Notes to self… Rotating Header Image

Note to self – never buy a tea pot as a house-warming gift…

Why? I’ll tell you why. They are incredibly difficult to wrap, and impossible to wrap with any degree of finesse whatsoever. Go for a bottle of wine or a nice (square) box of chocolates – it’ll look far sleeker.

How do I know this? I know this for the same reason that I’ve been off line for months. I packed my tea pot to move house.

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The It’s-Not-Rocket-Science approach to study

Here are a few simple tips I’ve picked up during my first term as a research student, mostly by making mistake and learning from them. The blindingly obvious is sometimes very easy to miss. I’m sure you can apply these to any subject at any level, including rocket science research if that’s your thing.
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Using post-it notes to plan your writing

I read this post by Lizzie about using post-it notes as a motivational device on Zen College Life – a brilliant idea I’d never thought of before – and it made me think about my favourite uses for post-its. Sure they’re useful for urgent reminders and as I high school student I papered half the house in notes of formulae I had to remember and learn to use, but I think they’re great for planning longer pieces of writing. I used sticky notes to plan my Masters dissertation.
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Five quick tips to improve your academic writing

Academic writing is a specific skill. It’s not like writing a business report or a high school paper. Or a blog post for that matter. But any writing is about communicating ideas well, and so all writing can be good practice. It’s something you can always improve on. Here are five guidelines I try to follow when writing and editing my own work:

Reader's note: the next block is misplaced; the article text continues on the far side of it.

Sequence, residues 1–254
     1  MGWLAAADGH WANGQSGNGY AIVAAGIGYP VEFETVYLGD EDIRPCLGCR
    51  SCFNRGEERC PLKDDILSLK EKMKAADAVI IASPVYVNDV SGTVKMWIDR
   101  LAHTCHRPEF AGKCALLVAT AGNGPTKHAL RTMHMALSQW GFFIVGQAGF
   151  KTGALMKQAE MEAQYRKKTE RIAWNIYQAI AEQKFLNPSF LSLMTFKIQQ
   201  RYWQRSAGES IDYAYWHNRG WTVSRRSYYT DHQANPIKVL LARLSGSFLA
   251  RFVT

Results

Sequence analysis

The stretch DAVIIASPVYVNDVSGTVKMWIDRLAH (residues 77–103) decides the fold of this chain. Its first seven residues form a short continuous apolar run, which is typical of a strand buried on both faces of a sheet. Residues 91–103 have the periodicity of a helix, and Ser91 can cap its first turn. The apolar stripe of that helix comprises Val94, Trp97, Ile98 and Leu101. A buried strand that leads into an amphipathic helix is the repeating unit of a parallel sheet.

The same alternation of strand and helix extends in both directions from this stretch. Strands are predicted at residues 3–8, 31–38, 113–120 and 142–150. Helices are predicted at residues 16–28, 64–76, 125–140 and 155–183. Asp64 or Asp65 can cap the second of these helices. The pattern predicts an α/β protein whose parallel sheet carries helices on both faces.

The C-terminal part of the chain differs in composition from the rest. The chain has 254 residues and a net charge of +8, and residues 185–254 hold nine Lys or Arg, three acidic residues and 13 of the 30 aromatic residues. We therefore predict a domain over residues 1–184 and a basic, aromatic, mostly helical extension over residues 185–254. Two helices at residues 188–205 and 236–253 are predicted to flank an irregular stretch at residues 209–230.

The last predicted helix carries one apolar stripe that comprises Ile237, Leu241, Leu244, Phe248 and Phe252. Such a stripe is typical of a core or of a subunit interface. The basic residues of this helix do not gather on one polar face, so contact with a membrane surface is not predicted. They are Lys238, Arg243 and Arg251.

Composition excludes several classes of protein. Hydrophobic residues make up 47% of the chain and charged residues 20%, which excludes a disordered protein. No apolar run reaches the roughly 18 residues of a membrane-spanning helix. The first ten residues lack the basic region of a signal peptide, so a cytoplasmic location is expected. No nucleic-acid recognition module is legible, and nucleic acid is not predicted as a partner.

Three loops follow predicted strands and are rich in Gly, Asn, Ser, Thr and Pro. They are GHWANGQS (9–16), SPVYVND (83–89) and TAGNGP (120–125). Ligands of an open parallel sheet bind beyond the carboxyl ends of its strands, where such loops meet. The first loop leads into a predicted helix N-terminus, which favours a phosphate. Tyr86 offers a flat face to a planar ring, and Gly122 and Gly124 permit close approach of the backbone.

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Five things I learned during my MA (that weren’t on the syllabus)

According to research by the Arts and Humanities Research Council, ‘about half of the PhD candidates in our sample had completed a research preparation Master’s degree before their doctorate. Almost everyone who had done so found the Master’s course of value’*. I certainly learned a lot from my Master’s degree, but there were a few key points I wished I had believed from the start: Continue reading →

Scotland, the USA and the Lockerbie Bomber: An example of forwards and backwards perspective on punishment

Abdelbaset Ali al-Megrahi was originally convicted in 2001, when the court recommended he serve at least 20 years for the Lockerbie Bombing. He was released by Scottish authorities on 22nd August 2009 on compassionate grounds, as he has untreatable cancer and only months to live. I know little of the specific details of the case and don’t discuss here whether this decision is either morally or legally right or wrong. But this case demonstrates a difference between perceptions of punishment in Scotland and the USA, and illustrates the difference between forwards-looking and backwards-looking perspectives on what punishment is supposed to achieve. This might go some way to explaining why there is disagreement over whether it was right to release al-Megrahi on compassionate grounds. Continue reading →

Getting to grips with how you study

There’s plenty of good advice online about improving various aspects of your study technique. But to apply these ideas, you need to understand where you are starting from. Understanding how you study allows you to consider whether you could do it better and adapt your methods to changes. When I returned to university after a break from full-time study, I found working out how I worked was suddenly critical: whereas previously I’d just ‘got on and done’, I discovered I couldn’t remember how. Believe me – it pays to be aware of and think about your approach to studying. Here’s five points to think about to start you off:
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Hello world!

So here I am. A dazed, grazed and exhausted wreck, but here none the less. Somehow, by some combination I will never quite know of brute luck and library hours, I have gotten myself a place on a PhD programme, which I officially start in 2 months. I have negotiated the minefield of having an idea and writing a research proposal. I have found my way through university admissions processes, made calls, checked details and sought references, all whilst holding down a full time job and studying part time. In some ways it feels like a victory in itself, but I know I have a long hard slog ahead. I hope it will be as rewarding as it will undoubtedly at times be infuriating. I expect to begin out of my depth, learning to swim as I go along. Quite clearly, I must be slightly out of my mind. But as far as I can glean from my preliminary research, being ever-so-slightly-unhinged enough as to want to spend several years studying one topic is a non-negotiable part of the admissions criteria for any PhD programme.